To put it bluntly, sterling silver items were made for the middle and upper classes. Silver plate was an invention aimed at making ‘silver’ style items available to the masses.
If you see the letters EPNS or A1 on your item then it is silver plated. Your item will need to be hallmarked and carry very specific marks in order to be legally called silver.
As silver plate was made for the mass market many items of silver plate do not have any value.
As such you might be best hanging onto your silver plate for a while longer.
Silversmiths like Paul Storr produced many items to the same design, but depending on the wealth of their client they would adjust the amount of silver that they would use for the commission.
As such a tea pot may be 500g or it might be 1,300g. Without being able to handle your items in person, providing the weight will give us a very good idea of the gauge of the silver used and thus we will be able to give you a very good idea of the value. As ever, the more information you can provide the better.
A History of British Hallmarks
Henry II is credited with the creation of the Goldsmiths Guild in London, allowing them to use the leopard’s head hallmark in 1180.
Henry III made the earliest attempt at regulating the standard and gold and silver in 1238. He passed an order that commended the mayor and the aldermen (a co-opted member of an English county or borough council, next in status to the Mayor) of the City of London to choose six London-based goldsmiths to superintend the craft. This is when the idea of assaying for purity was introduced.
However, it was not until Edward I that an actual standard for purity was introduced. In 1300 Edward I decreed that the leopard’s head mark would guarantee sterling silver (92.5% silver). Gold had to be at least 19.2 carats. This was enforced by ‘Guardians of the Craft’ who would go from shop to shop in London and assay the pieces produced there, applying the leopard’s head in the pieces met the minimum purity standard. Goldsmiths outside the capital were also expected to adhere to this standard.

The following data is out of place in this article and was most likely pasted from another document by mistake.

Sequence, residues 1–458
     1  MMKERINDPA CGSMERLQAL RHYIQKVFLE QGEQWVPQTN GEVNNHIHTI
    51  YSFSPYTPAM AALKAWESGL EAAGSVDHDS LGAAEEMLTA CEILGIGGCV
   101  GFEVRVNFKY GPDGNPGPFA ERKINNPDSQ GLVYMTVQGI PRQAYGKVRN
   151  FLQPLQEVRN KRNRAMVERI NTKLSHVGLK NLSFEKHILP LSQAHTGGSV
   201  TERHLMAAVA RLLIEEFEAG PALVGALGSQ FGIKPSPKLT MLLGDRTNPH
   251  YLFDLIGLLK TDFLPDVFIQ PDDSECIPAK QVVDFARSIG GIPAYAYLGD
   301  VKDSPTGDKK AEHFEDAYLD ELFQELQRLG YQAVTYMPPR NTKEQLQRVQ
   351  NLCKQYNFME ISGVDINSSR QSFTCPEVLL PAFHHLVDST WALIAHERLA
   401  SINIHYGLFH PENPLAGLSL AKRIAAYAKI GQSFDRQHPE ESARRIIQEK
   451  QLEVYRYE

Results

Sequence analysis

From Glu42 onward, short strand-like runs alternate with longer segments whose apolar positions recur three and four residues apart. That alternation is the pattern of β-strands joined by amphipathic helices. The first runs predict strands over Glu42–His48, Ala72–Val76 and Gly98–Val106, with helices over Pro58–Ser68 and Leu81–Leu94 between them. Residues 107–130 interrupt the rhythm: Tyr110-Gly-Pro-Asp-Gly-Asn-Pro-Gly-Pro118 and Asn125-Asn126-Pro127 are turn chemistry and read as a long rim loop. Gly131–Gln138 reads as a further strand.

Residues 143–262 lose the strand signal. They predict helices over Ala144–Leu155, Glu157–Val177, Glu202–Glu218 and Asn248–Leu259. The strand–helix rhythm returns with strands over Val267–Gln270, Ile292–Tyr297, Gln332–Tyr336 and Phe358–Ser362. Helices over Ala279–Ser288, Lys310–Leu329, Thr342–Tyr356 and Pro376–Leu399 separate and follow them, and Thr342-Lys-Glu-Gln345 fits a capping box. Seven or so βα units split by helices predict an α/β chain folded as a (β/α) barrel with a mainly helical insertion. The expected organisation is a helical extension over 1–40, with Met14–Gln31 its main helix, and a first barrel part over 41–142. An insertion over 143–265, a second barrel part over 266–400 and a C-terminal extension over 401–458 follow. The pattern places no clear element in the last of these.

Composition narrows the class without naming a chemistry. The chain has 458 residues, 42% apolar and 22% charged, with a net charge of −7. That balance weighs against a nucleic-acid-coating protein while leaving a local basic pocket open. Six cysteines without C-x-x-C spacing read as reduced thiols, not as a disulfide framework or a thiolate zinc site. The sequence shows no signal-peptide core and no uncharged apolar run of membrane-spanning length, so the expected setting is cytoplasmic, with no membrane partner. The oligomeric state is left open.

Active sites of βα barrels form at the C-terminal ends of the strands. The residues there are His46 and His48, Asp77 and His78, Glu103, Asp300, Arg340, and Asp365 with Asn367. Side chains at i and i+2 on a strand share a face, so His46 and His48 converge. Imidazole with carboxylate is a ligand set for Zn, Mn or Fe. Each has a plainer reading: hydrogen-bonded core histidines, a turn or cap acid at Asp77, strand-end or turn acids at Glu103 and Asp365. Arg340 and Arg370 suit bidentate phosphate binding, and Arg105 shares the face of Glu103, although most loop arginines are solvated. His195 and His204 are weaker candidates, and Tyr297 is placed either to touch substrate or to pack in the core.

The maker’s mark was introduced in 1363 under Edward III and was required alongside the leopard’s head in order to identify the maker.
In 1423 Edward VI introduced the Quality and Marks of Silver Work Act, requiring every assay office to have its own mark.
1478 was an important year for hallmarking. The gold standard was lowered to 18ct. The Goldsmith’s Company was made responsible for wares found to be below standard and for the penalties that had to be dealt. This led to an overhaul in the system used for assaying, and the establishment of the first assay office which was overseen by a Common Assayer. The need to differentiate between old and new plate following the change in standard led to the introduction of the crowned leopard’s head mark. A date letter was also introduced. This not only identified the year in which the item was assayed but also identified the Touch Warden responsible. It is thought that the term ‘hallmark’ comes from the use of the Goldsmith’s Hall as the first assay office.
The Lion Passant Appears
In 1544 the lion passant guardant (head facing towards the viewer) was introduced. No official records explaining its introduction survive. However, it is theorised that it has something to do with Henry VIII’s interference in hallmarking as he sent two of his men into the assay office in this year. The King had been debasing the value of coinage since 1542. He had some kind of issue with the Goldsmith’s Company which was ordered to surrender its charter. However, the King passed away in 1547 before this order could be carried out. The lion passant guardant indicated sterling silver purity for all assay offices.